Not-so-smart cities

First, I want to say I totally agree with the last half of the last sentence in Greg Lindsay’s opinion piece in the New York Times:

…the smartest cities are the ones that embrace openness, randomness and serendipity — everything that makes a city great.

The rest of the piece I don’t quite get.  Lindsay objects to the new city being built in New Mexico which will have no residents, but be used solely for testing “smart city” technology like “smart power grids, cyber security and intelligent traffic and surveillance systems”.  He objects because he feels computer simulations are not robust enough to capture human’s inherent “randomness”.  To support his case, he uses an example of a RAND corporation study, from 1968 (!), that failed to “smartly” reconfigure fire service.

Take the 1968 decision by New York Mayor John V. Lindsay to hire the RAND Corporation to streamline city management through computer models. It built models for the Fire Department to predict where fires were likely to break out, and to decrease response times when they did. But, as the author Joe Flood details in his book “The Fires,” thanks to faulty data and flawed assumptions — not a lack of processing power — the models recommended replacing busy fire companies across Brooklyn, Queens and the Bronx with much smaller ones.

What RAND could not predict was that, as a result, roughly 600,000 people in the poorest sections of the city would lose their homes to fire over the next decade. Given the amount of money and faith the city had put into its models, it’s no surprise that instead of admitting their flaws, city planners bent reality to fit their models — ignoring traffic conditions, fire companies’ battling multiple blazes and any outliers in their data.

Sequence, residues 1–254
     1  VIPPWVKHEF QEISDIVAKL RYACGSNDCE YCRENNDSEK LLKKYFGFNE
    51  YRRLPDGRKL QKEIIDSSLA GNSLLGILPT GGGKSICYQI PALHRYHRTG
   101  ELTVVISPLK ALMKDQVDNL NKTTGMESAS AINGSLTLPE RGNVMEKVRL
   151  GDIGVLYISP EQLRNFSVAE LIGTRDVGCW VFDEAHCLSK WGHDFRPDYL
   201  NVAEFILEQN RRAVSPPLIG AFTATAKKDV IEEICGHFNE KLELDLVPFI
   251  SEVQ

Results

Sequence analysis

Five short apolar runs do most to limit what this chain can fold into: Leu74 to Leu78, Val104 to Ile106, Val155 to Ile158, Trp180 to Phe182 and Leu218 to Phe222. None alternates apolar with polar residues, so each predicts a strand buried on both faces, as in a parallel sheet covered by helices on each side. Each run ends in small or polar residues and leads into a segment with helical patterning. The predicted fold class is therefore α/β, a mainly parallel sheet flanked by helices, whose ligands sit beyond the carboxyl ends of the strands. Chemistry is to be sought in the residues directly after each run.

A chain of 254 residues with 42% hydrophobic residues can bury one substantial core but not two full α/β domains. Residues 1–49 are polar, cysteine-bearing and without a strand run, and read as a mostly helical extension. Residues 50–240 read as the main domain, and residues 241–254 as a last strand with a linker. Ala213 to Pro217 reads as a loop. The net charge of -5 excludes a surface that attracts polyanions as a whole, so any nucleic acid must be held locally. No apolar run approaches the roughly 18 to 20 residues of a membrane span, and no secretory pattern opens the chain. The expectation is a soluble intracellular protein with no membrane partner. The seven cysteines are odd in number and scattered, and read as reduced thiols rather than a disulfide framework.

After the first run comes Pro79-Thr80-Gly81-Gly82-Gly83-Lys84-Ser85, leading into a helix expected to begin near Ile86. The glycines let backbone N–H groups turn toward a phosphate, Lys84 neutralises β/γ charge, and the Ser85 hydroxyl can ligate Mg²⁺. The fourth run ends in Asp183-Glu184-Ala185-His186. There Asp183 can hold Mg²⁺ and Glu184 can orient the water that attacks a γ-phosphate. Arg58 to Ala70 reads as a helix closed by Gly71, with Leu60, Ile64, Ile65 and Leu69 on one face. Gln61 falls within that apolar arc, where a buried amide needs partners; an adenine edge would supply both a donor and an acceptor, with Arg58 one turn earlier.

The final straw was politics, the very thing the project was meant to avoid. RAND’s analysts recognized that wealthy neighborhoods would never stand for a loss of service, so they were placed off limits, forcing poor ones to compete among themselves for scarce resources. What was sold as a model of efficiency and a mirror to reality was crippled by the biases of its creators, and no supercomputer could correct for that.

First, any good planner or engineer will tell you that models and software should be a starting point, not a finishing point.  I have no doubt that any new technology that comes out of the Center for Innovation, Testing and Evaluation (that is the new city’s name) will be refined in the real world as it’s performance among us mammals is tested.  If the RAND corporation couldn’t (or wouldn’t) adjust in 1968, they were bad planners.

Second, we shouldn’t use technology because politics could get in the way?  Don’t fault technology, fault bad process and implementation.  Also, where does this line of reasoning lead us?

Third and finally, this is the only example Lindsay gives of a failure of “smart” systems in the real world (except for a reference to something Jane Jacobs said), and it occurred in 1968.  Lindsay omits the myriad “smart city” technologies that are already commonplace and are generally deemed to have net positive impacts.  Here is a partial list (and I’m no expert):

And coming soon:
None of the second list, and I’m pretty sure none of the first list (at least computerized versions thereof) even existed in 1968.  The fact that many of these systems currently exist, and regularly operate without massive failure, seems to refute Lindsay’s assertion that we shouldn’t continue to develop them.

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